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Serving as Manager in the Impeachment Trial of President Trump

Washington, January 30, 2020

Serving as Manager in the Impeachment Trial of President Trump


Rep. Nadler delivering the articles of impeachment from the House to the Senate with other House managers

Over the past several months, as impeachment has gripped the nation and the Congress, I’ve returned time and again to a quote from 1787. Someone approached Benjamin Franklin at the close of the Constitutional Convention and asked him what exactly this young country would look like - ‘A Republic, if you can keep it,’ was his response. We all keep the Republic in our own, small, everyday ways—volunteering in our communities, serving on juries, voting in elections—but sometimes, in moments of deep crisis, the work of keeping the Republic grows larger, more urgent, more difficult.

The Judiciary Committee and then the full House of Representatives voted to impeach the President. Impeachment is not something that any of us in Congress take lightly, but when confronted by the President’s actions, which directly undermined the legitimacy of our upcoming elections and the balance of our separate branches of government, to not act would have violated the oaths all of us in Congress—and President Trump—took to preserve and protect the Constitution.

Now that the two articles of impeachment have made their way to the Senate, my role has changed. I’m honored to have been selected by Speaker Pelosi to serve as an impeachment manager, presenting the case of the President’s abuse of power and obstruction to the Senate. While there are no guarantees for the final outcome, I’m immensely proud of the Judiciary Committee for its rigorous and fair investigation into the President, and of the House for doing its duty.

Strengthening New York’s Outdated Transportation Infrastructure
Every day, more than 200,000 people travel via rail between New York and New Jersey, taking Amtrak and New Jersey Transit to commute to and from work. These rail lines rely on the North River Tunnels, which were state of the art when they first opened in 1910 but have since become dangerously antiquated. Since Hurricane Sandy, deficiencies within the tunnels have resulted in over 2,000 hours of transport delays. A dramatic expansion of these tunnels has already been proposed—it’s called the Gateway Project. Gateway would renovate the North River Tunnels while also doubling the number of rail lines under the Hudson, allowing for high-speed rail service while simultaneously decreasing delays. Beyond lessening the constant inconveniences commuters encounter on a regular basis, Gateway is an economic and safety imperative.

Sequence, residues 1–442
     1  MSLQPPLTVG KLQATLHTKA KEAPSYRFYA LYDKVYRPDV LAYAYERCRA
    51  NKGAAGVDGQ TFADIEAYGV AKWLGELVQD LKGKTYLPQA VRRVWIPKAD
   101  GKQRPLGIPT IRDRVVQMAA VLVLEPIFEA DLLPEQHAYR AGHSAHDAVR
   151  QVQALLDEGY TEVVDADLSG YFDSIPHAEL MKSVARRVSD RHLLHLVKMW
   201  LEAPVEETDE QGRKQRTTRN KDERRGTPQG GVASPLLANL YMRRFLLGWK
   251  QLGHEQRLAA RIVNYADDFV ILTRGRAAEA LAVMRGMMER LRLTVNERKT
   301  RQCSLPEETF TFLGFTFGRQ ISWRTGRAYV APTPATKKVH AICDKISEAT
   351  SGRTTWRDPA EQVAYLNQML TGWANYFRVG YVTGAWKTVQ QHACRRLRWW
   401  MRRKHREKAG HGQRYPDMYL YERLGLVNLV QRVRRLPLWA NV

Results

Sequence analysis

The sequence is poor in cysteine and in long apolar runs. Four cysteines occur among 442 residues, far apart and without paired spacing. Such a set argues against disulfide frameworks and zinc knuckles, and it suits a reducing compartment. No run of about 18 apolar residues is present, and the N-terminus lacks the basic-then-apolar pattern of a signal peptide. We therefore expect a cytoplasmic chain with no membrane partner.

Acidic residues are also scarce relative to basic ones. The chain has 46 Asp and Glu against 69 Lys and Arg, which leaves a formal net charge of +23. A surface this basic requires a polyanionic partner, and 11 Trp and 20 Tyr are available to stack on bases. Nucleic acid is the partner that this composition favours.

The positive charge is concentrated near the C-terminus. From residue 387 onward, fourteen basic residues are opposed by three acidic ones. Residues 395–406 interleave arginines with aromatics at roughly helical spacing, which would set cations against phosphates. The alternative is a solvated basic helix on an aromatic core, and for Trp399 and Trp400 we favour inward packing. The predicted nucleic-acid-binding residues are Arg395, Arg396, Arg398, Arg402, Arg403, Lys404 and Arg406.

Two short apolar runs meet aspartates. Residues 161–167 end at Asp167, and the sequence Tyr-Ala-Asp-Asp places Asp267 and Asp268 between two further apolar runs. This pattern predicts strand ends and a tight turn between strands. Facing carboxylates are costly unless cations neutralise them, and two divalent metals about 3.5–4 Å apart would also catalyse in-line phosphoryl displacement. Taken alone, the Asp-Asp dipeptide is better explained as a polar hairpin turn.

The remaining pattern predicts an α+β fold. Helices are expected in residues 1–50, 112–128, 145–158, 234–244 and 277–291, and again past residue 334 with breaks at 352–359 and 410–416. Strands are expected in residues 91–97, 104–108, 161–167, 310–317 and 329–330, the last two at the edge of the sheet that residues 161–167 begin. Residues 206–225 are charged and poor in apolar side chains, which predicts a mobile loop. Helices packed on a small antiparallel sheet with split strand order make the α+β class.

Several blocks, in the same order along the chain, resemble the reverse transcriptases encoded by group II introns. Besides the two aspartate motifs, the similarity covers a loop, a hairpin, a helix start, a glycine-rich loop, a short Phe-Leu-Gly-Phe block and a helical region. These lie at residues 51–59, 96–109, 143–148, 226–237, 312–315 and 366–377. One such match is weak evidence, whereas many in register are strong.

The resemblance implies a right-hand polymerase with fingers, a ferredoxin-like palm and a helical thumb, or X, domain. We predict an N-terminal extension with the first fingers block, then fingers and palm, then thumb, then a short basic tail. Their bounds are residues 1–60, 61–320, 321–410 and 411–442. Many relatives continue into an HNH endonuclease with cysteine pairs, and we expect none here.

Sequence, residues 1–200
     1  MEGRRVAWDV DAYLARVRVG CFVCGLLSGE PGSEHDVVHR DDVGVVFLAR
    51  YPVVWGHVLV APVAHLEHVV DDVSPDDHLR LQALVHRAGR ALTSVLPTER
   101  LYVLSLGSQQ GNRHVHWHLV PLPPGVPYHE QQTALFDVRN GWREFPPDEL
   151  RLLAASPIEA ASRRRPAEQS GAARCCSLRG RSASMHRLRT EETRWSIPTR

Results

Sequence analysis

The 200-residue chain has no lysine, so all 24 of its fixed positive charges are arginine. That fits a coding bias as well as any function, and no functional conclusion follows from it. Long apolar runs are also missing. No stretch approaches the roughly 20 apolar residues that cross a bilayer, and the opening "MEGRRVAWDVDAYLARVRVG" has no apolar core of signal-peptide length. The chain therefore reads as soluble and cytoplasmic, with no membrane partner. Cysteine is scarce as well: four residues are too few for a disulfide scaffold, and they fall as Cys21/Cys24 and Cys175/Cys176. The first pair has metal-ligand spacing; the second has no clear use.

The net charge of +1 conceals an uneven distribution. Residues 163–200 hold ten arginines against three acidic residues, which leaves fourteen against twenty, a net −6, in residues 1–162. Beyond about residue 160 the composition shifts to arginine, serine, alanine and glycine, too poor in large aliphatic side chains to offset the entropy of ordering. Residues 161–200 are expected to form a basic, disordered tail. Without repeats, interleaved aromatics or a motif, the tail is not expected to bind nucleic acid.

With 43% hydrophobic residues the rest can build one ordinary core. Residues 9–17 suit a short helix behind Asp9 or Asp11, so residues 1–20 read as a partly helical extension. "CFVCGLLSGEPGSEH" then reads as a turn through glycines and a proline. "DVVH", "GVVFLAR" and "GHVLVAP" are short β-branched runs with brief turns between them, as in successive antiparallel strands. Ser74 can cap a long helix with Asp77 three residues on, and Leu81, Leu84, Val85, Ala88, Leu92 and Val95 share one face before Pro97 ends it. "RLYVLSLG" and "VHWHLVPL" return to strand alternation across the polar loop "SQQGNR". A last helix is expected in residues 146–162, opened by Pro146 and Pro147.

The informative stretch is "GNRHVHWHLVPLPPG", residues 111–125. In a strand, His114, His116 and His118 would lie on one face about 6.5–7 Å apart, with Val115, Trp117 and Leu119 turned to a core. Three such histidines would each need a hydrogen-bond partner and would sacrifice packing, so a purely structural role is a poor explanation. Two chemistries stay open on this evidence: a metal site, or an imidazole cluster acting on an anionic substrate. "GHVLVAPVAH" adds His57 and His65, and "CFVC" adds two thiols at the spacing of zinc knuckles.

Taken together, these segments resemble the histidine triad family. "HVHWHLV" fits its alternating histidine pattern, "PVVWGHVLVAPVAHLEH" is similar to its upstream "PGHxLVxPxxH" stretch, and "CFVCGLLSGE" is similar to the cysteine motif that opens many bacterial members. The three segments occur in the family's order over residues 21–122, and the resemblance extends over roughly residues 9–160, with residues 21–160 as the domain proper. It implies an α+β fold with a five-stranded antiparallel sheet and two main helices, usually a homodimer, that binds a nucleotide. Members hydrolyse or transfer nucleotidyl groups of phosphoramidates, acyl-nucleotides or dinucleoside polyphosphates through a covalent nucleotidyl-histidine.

Unfortunately, Gateway has gotten entangled in bureaucratic red tape, with the Department of Transportation downgrading its urgency so that it is no longer eligible for federal funding. This decision is why I joined many of my colleagues, Democrat and Republican alike, in sending a letter to the Department of Transportation urging them to move forward with Gateway. We can’t afford any more delays.

On a related note, I’m very proud that after sustained pressure from Rep. Nydia Velázquez, Rep. Max Rose, and myself, the ban on split-tolling on the Verrazzano-Narrows bridge has been repealed. This is a change that will directly benefit New Yorkers, forcing out-of-state trucks to finally pay their fair share while decreasing traffic and congestion in Lower Manhattan.